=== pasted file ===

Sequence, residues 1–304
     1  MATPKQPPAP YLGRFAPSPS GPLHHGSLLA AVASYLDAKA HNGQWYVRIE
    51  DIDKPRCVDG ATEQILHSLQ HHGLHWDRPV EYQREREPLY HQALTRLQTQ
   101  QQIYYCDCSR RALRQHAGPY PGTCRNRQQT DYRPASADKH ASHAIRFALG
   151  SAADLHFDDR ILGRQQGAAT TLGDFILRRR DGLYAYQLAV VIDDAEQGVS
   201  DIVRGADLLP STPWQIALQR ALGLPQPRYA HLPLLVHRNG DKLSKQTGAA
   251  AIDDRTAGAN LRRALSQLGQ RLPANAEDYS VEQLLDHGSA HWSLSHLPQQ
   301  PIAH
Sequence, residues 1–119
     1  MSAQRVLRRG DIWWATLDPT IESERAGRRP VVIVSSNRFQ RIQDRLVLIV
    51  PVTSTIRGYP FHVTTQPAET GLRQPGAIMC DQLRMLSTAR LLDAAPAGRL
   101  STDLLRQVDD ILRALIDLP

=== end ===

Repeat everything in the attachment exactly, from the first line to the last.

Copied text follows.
Sequence, residues 1–304
     1  MATPKQPPAP YLGRFAPSPS GPLHHGSLLA AVASYLDAKA HNGQWYVRIE
    51  DIDKPRCVDG ATEQILHSLQ HHGLHWDRPV EYQREREPLY HQALTRLQTQ
   101  QQIYYCDCSR RALRQHAGPY PGTCRNRQQT DYRPASADKH ASHAIRFALG
   151  SAADLHFDDR ILGRQQGAAT TLGDFILRRR DGLYAYQLAV VIDDAEQGVS
   201  DIVRGADLLP STPWQIALQR ALGLPQPRYA HLPLLVHRNG DKLSKQTGAA
   251  AIDDRTAGAN LRRALSQLGQ RLPANAEDYS VEQLLDHGSA HWSLSHLPQQ
   301  PIAH
Sequence, residues 1–119
     1  MSAQRVLRRG DIWWATLDPT IESERAGRRP VVIVSSNRFQ RIQDRLVLIV
    51  PVTSTIRGYP FHVTTQPAET GLRQPGAIMC DQLRMLSTAR LLDAAPAGRL
   101  STDLLRQVDD ILRALIDLP